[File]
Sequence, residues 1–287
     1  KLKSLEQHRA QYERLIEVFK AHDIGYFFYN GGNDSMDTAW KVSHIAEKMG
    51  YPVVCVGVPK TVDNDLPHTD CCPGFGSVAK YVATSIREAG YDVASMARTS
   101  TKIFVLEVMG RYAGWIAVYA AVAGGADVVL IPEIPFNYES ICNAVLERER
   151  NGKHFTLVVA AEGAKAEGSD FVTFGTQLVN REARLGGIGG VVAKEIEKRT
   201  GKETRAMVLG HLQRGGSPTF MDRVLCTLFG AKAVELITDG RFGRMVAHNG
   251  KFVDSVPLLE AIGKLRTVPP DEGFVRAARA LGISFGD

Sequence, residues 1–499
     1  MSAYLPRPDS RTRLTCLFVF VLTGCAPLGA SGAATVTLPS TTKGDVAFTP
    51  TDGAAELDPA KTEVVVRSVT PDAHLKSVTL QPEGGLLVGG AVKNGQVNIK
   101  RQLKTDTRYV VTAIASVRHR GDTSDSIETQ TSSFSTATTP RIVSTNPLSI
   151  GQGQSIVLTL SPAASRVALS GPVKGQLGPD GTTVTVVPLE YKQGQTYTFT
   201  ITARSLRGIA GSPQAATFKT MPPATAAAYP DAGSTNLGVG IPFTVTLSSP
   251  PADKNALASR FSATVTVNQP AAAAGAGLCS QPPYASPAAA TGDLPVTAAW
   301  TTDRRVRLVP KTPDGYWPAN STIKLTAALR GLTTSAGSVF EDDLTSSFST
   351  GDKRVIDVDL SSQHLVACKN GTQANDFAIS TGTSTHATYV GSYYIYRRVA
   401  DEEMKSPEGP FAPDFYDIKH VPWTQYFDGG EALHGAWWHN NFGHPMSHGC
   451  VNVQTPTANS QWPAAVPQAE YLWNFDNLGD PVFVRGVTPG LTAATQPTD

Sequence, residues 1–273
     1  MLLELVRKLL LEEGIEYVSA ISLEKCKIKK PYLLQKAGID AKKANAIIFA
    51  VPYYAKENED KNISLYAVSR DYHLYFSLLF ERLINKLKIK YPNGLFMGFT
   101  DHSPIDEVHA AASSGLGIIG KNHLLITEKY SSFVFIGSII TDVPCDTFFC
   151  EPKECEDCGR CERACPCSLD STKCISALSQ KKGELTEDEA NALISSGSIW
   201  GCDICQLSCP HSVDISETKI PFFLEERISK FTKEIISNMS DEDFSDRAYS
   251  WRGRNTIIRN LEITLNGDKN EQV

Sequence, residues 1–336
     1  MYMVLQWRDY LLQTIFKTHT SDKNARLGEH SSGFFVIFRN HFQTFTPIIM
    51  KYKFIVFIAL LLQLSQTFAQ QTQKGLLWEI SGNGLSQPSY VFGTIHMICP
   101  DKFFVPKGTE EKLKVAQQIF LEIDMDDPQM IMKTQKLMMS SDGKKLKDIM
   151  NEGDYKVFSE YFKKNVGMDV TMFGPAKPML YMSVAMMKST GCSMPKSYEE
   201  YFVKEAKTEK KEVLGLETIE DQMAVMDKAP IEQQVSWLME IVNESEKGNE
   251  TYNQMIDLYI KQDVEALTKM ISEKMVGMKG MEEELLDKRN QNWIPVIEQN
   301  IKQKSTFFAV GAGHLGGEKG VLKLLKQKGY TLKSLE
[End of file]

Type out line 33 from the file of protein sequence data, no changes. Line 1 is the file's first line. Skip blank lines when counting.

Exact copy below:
   301  IKQKSTFFAV GAGHLGGEKG VLKLLKQKGY TLKSLE